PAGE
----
Carbon Colonialism won’t solve the crisis.
State response to the interlocking climate, biodiversity, water, inequality, and health crises has mostly been to unleash the free market to promote solutions which perpetuate the global system of pillaging and exploitation. This only protects the status quo whilst sacrificing current and future generations. We have a name for this terrible violence: greenwashing.
I’m joined today by Laurie Parsons, a senior lecturer in Human Geography, to discuss the tensions between a global political economy, national legal jurisdictions, and a populace that is drowning in information. Taking examples from his book, Carbon Colonialism, Laurie explains how the people footing the climate bill are local and indigenous people around the world who are suffering under the extractive actions of corporations and the reticence of national governments to act. He also reveals the history of greenwashing as it began in the 1960s as “Eco-Pornography”, before giving an excellent analysis of the deliberate divide and conquer tactic separating land, labour and capital has long driven wealth into the world’s most powerful nations.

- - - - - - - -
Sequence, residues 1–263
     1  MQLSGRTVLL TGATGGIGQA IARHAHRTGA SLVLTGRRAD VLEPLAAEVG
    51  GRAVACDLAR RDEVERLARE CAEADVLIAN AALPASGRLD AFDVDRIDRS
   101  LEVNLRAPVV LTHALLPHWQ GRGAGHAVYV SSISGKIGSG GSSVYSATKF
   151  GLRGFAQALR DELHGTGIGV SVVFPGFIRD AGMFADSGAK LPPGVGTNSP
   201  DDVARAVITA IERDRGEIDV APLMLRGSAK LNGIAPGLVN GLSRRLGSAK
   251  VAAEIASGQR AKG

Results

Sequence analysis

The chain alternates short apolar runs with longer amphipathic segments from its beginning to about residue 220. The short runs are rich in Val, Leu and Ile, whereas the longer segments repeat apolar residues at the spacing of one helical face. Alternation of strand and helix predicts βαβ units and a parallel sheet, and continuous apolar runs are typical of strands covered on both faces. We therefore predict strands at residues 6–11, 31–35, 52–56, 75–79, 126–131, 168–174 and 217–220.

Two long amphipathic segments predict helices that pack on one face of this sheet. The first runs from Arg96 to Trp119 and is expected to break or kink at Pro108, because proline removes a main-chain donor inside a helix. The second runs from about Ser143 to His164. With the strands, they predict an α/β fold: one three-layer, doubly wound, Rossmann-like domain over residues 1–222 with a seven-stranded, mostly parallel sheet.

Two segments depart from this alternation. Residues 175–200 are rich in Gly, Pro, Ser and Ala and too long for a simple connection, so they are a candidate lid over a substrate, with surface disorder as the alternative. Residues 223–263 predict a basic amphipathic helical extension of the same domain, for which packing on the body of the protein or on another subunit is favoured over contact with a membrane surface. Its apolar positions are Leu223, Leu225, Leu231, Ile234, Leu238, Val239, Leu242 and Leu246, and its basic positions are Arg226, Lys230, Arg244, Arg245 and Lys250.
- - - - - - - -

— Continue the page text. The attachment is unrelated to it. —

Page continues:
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Laurie researches at Royal Holloway, the University of London, and is the principal investigator of the projects, The Disaster Trade, The Hidden Footprint of UK Imports and Investment Overseas, and also Hot Trends, How the Global Garment Industry Shapes Climate Vulnerability in Cambodia.